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Monthly Archives: January 2018

Deer Park Journal: Day 6

2018 Deer Park Daily Musings
Written during a retreat I attended from January 5th-26th, 2018

Background Info & Terminology: Deer Park Monastery is rooted in the mindfulness tradition of Zen Master Thich Nhat Hanh and is situated in Escondido, CA, north of San Diego.

Laypeople: Also called lay friends or laymen and laywomen; those of us who practice in this tradition but are not monks or nuns.
Monastics: The collective group of both monks and nuns.
Clarity Hamlet: Where the nuns, also called Sisters, reside. Laywomen stay here as well.
Solidity Hamlet: Where the monks, also called Brothers, reside. Laymen and couples/families stay here as well.
Thay: Refers to Thich Nhat Hanh, meaning “teacher” in Vietnamese

 

Thursday, January 11th 2018

Day 6

6:35pm

Early morning haiku:

A smile of moon
hangs in the sky and my heart
alighting what’s there

_______

Today was lay day – and consequently, also, monastic day – where the lay people from both hamlets have their own schedule together, separate from the monastics (the monks & nuns), who have their own program schedule all together, for the morning up until lunch, anyway.

So at 5:45am, the lay people from both hamlets gathered in the Small Hall here in Solidity for sitting meditation. Unexpectedly, instead of having a silent sitting session, as usual, one of the long term lay women staying in Clarity wound up offering a guided meditation during our sit. For about 20-25 minutes, she proceeded to lead us through what amounted to a sort of classic style deep relaxation, moving through all the parts of the body as it went on. As it was an unanticipated occurrence – and given the fact that I don’t much care for guided meditations in general – I found her voice disturbing to what I consider to be my most beloved friend here: silence.

As her meditation continued, she seemed to grow more comfortable in talking, as well. What started out as short, succinct phrases began carrying into rather long, rambling verses, further absorbing what little space she left in between her words for a sound of the bell and a few relieving moments of quietude, before she’d start talking again. It was a struggle for me. Unable to tune her out and enter into a fluid state of meditation, I opened my eyes and took up the practice of smiling, as I observed my mind throwing a temper tantrum at not being able to sit in silence. Ah, preferences.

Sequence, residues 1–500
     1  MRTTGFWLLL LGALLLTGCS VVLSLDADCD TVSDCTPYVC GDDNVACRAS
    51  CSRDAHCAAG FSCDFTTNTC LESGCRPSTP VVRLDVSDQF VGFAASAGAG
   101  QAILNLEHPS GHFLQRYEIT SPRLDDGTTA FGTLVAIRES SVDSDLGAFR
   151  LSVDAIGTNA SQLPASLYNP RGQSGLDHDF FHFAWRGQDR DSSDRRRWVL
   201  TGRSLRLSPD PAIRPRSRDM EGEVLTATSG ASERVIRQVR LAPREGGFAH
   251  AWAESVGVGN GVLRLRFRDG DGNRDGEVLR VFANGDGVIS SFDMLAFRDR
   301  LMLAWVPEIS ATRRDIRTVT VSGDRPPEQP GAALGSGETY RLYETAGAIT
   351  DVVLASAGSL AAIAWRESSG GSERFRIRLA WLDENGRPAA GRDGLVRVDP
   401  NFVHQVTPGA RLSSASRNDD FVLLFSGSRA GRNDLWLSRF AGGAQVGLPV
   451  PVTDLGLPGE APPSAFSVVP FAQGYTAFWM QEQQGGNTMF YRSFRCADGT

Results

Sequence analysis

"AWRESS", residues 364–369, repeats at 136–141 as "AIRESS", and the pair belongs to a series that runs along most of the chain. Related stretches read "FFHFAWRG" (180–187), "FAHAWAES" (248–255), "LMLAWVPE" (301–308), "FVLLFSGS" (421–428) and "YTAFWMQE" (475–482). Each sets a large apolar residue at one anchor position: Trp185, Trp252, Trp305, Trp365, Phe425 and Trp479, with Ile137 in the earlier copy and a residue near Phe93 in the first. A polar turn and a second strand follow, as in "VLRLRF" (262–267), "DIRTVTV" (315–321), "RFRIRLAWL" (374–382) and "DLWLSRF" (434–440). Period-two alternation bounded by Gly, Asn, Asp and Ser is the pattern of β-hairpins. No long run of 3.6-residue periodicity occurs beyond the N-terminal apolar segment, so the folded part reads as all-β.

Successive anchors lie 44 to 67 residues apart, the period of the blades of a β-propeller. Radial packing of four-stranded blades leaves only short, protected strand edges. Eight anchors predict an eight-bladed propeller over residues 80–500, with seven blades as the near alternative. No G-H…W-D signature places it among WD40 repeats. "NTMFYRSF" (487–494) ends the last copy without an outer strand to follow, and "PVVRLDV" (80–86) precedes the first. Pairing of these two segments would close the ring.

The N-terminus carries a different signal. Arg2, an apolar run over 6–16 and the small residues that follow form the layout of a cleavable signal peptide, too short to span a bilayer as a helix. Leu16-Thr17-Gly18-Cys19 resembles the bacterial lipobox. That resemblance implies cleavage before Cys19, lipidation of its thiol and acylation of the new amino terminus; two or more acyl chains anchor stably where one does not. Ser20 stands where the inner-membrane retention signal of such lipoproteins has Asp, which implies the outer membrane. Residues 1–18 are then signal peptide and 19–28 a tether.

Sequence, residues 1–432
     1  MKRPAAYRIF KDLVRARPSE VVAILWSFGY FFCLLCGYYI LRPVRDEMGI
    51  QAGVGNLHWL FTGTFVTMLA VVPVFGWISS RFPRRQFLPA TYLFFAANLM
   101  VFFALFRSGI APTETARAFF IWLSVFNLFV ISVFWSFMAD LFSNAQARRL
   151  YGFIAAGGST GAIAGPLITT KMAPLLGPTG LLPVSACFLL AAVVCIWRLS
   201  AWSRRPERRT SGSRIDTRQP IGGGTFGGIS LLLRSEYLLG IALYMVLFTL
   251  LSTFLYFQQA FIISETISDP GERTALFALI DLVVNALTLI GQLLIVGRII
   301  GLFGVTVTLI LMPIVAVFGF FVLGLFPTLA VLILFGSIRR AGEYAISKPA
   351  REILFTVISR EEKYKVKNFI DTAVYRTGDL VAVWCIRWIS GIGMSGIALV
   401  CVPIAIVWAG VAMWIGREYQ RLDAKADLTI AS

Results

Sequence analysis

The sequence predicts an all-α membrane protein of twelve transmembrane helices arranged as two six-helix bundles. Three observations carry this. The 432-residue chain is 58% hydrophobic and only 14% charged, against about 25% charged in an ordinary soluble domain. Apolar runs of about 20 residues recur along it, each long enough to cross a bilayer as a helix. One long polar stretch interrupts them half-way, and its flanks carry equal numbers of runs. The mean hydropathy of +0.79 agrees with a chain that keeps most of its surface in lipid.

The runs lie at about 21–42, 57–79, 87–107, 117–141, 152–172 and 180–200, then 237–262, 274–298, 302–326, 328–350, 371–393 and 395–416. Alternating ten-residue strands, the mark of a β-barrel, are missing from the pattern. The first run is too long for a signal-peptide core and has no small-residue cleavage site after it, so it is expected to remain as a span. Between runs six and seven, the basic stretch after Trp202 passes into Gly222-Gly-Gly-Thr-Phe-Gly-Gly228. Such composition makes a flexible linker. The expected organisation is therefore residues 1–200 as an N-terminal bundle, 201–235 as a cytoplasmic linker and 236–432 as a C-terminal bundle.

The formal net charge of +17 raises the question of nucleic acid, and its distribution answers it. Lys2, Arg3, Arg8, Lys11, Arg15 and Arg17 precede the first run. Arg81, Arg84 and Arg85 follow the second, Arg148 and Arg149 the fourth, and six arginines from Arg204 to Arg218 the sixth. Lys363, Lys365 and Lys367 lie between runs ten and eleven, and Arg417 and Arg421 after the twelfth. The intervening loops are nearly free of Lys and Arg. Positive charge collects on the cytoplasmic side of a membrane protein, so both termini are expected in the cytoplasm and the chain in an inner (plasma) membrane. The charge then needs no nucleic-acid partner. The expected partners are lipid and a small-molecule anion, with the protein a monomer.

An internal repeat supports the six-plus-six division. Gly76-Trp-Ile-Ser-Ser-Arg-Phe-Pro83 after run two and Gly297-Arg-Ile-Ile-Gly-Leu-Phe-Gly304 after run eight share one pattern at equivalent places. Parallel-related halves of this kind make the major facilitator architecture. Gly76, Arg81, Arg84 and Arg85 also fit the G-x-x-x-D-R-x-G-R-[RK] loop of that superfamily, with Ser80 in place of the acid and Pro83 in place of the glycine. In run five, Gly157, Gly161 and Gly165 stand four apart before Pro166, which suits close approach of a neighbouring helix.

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Deer Park Journal: Day 5

2018 Deer Park Daily Musings
Written during a retreat I attended from January 5th-26th, 2018

Background Info & Terminology: Deer Park Monastery is rooted in the mindfulness tradition of Zen Master Thich Nhat Hanh and is situated in Escondido, CA, north of San Diego.

Laypeople: Also called lay friends or laymen and laywomen; those of us who practice in this tradition but are not monks or nuns.
Monastics: The collective group of both monks and nuns.
Clarity Hamlet: Where the nuns, also called Sisters, reside. Laywomen stay here as well.
Solidity Hamlet: Where the monks, also called Brothers, reside. Laymen and couples/families stay here as well.
Thay: Refers to Thich Nhat Hanh, meaning “teacher” in Vietnamese

Wednesday, January 10th 2018

Day 5

6:36pm

Early morning haiku:

Tea is a delight
in the morning before dawn
I smile and breathe

_______

I didn’t realize how much I enjoyed having so few decisions to make during the course of my stay here, until I saw on the white board at dinner that we had a choice of whether to attend the Venerable’s Class tonight at 7:30pm or sitting/walking/chanting at 8:00pm. Had it simply listed the Venerable’s Class at 7:30pm, I would’ve gone without hesitation. But a choice? Hmmm. What to do?! After checking in with myself, the answer became clear. Sitting meditation it is!

This morning after breakfast, the lay folk gathered in the Small Hall to watch a video Dharma talk from Thay. It was a talk he gave at Plum Village in June of 2004, on the four layers of consciousness. As taking notes helps me to stay focused, here are some notes I jotted down:

We can learn how to walk like a Buddha, mindfully. To enjoy every step – no fighting, no effort.